Contemplations

My Next Job Will Be At Starfleet Academy (Another Tech, No to Tech, Yes Column)

Nov 7th, 2013 | By
Star-Trek-Starfleet-Academy-star-trek-35218670-640-480

We were fans of Star Trek.  Sure, we thought: people will travel through space, we’ll meet with beings from other planets, we’ll fly space ships, and for work, we’ll hold flat, thin computers in one hand and tea in the other, the simulated daylight shining ever-so-slightly off our bald pates.  Sure, that will happen, because

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“We Can’t Stop Here! This is Tech Country!” Going Gonzo in English 1101

Oct 31st, 2013 | By
steadman gonzo

I’ve been thinking lately about one of the many useful comments my adviser made about the failed novel I submitted in the last semesters of my MFA program. She told me I’d shown bad manners. Instead of organizing the book into chapters, I used stick figure drawings to mark breaks between sections. No real respite

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Telling Stories, Building Community: “This I Believe” in the First-Year Writing and Communication Classroom

Oct 4th, 2013 | By
tib_essay_web_sp13_sm

In the spring of 2011, Georgia Tech started a “This I Believe” project in partnership with the Writing and Communication Program. The campus reading series and student contest are unofficial off-shoots of a popular radio series, originally hosted by Edward R. Murrow in the 1950s, and then resuscitated on NPR from 2005-2009. The radio essays

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The “This I Believe” Essay and Orality in the Classroom

Oct 2nd, 2013 | By
Screen shot 2013-10-02 at 11.31.31 AM

I use the personal “This I Believe” essay as a means to develop and appreciate oral language skills in the classroom. My students script their essays keeping in mind that they will be submitting their essays in an audio-visual format. I have found that this project has a profound impact on how the students compose

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Making [Multimodal] History: 21st Century Timelines and 20th Century Connections

Sep 16th, 2013 | By
timeline1

One of my challenges in teaching students is that they often don’t get a lot of my references. I’m sure many teachers have had this problem: jokes that you think are hilarious fall flat, or mentions of pop-cultural figures that you assume are common knowledge end up getting blank looks. But this problem also extends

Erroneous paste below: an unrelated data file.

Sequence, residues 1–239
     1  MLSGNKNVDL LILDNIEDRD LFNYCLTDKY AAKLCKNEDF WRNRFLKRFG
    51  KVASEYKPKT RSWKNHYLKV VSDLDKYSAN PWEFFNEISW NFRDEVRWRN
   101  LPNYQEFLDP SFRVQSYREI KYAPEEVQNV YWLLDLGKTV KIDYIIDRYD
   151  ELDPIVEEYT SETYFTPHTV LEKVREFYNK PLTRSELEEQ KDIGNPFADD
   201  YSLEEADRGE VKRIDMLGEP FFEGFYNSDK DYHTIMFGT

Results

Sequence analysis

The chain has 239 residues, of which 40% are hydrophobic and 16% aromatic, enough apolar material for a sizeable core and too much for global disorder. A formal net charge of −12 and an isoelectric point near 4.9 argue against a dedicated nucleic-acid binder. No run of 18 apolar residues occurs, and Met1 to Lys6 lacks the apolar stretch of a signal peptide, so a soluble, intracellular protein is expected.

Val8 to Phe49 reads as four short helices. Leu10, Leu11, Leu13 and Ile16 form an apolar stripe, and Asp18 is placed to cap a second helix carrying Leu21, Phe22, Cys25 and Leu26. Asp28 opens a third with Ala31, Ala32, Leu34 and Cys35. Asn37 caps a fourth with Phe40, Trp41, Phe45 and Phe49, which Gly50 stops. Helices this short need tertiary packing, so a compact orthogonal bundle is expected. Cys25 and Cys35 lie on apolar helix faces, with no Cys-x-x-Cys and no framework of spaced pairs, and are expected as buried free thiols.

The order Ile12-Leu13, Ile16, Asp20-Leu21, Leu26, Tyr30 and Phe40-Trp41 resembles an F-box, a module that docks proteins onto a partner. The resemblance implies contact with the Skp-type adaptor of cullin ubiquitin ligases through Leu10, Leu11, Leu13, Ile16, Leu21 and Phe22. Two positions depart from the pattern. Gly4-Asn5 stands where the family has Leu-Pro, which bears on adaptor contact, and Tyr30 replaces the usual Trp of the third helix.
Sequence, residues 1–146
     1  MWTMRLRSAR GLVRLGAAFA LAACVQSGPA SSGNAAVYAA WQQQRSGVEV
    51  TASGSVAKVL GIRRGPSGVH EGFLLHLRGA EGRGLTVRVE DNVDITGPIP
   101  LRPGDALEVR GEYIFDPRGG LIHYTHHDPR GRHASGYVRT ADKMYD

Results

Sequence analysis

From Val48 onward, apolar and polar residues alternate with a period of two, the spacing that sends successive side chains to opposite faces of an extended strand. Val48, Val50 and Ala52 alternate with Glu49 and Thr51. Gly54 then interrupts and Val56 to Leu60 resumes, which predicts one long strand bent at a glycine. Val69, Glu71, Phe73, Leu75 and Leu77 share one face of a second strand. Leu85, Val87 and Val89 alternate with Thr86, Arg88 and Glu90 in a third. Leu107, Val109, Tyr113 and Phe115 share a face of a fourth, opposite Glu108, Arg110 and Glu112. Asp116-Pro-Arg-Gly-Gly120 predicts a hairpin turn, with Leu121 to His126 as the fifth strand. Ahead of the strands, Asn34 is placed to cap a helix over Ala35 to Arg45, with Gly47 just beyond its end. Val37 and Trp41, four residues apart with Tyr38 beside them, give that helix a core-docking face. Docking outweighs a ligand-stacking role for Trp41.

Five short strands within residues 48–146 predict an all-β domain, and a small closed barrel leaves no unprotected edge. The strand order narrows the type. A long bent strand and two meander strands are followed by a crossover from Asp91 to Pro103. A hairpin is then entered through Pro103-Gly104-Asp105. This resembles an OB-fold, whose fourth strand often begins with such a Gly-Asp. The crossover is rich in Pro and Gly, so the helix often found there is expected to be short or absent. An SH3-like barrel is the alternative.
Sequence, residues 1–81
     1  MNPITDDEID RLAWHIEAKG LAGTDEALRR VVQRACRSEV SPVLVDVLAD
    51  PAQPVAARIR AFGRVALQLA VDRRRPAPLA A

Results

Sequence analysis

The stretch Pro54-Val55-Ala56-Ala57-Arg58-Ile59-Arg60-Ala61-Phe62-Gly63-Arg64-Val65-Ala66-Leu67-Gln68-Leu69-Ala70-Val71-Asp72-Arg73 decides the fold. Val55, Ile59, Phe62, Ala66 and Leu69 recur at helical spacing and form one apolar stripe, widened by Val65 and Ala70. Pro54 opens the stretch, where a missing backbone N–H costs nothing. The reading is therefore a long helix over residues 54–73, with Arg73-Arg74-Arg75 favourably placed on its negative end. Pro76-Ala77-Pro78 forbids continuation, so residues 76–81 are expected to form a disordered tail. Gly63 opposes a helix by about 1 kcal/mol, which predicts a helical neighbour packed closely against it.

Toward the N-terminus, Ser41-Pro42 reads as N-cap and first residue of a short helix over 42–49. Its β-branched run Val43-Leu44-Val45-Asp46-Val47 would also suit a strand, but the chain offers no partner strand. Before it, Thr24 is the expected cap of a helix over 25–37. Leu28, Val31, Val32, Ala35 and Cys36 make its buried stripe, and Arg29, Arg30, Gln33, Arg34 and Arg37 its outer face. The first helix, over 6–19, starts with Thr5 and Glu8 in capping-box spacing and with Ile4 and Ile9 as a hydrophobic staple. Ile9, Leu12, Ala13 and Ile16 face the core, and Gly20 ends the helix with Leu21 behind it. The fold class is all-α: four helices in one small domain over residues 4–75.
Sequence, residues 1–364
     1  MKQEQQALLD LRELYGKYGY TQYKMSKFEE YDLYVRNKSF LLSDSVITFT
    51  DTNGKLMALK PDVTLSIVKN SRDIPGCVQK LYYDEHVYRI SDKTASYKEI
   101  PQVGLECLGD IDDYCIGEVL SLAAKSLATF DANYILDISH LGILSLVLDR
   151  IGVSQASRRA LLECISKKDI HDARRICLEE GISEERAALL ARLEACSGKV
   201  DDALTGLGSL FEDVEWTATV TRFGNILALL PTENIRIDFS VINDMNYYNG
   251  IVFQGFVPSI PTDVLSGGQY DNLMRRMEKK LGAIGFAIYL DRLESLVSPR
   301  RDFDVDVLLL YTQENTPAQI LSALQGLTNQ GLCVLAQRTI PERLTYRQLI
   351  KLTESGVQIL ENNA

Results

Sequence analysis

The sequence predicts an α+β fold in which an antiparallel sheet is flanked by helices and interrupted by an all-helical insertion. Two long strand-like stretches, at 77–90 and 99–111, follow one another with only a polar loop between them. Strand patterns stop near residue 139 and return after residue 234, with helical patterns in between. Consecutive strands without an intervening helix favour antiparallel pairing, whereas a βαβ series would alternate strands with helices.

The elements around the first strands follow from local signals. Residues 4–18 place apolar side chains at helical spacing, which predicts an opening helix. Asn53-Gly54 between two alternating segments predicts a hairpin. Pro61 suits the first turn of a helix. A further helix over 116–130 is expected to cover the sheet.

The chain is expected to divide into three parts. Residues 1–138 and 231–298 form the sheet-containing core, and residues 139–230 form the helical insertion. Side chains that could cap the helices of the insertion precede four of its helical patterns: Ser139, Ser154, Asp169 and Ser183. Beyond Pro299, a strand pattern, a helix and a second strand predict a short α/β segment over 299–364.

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Teaching Composition with Interactive Fiction, Part Two

Sep 14th, 2013 | By
Plotkin's tutorial game

In an earlier post, I explained why I think interactive fiction (IF) computer games can drive valuable experiments in the multimodal composition classroom.  You can check out Part One for an overview of what IF is and what I think it can do for students.  In the present post, I’ll lay out a few more

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Britt Fellow Goes Bibliophile

Jun 21st, 2013 | By
lamour

It always seems self-contradictory to proffer sage career advice to fellow teachers and academics. I am not too far removed from the realm of the Brittain Fellows, having been one from 2007-2008. Like you, I walked among the hallowed halls of Skiles and watched the ever-fluctuating stream of students, many convinced they were born to

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Anatomy of the Bubble Girl

Jun 4th, 2013 | By
bubble girl

The moment Diane Jakacki showed me a picture of the Bubble Girl being chased by a bent but strangely menacing Prince Charles, I knew I had to write something about memes. That’s probably an exaggeration. I did laugh a lot. And I did do some investigating. Turns out Chubby Bubble Girl is part of an entire

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Teaching Composition with Interactive Fiction

May 2nd, 2013 | By
Note, in this excerpt from Plotkin's tutorial game, how the player-character and the narrative voice take turns typing to each other.

Regular readers of TECHStyle may remember my mentioning, back in September, my plans to use interactive fiction (“IF”) computer games in my multimodal composition classes.  After two semesters of teaching students to read, play, and write IF games, I can say that the experiment was mostly a success.  While we faced a few frustrations (largely

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A Model for Mentoring

Apr 11th, 2013 | By
chart1

The Writing and Communication Program has an ongoing initiative to provide mentoring to first year post-doctorates looking to further professionalize as they make their way to full time positions. As a new Brittain Fellow, I – Peter Fontaine – was paired with LMC faculty member, Dr. Krystina Madej. I had been both a mentor and

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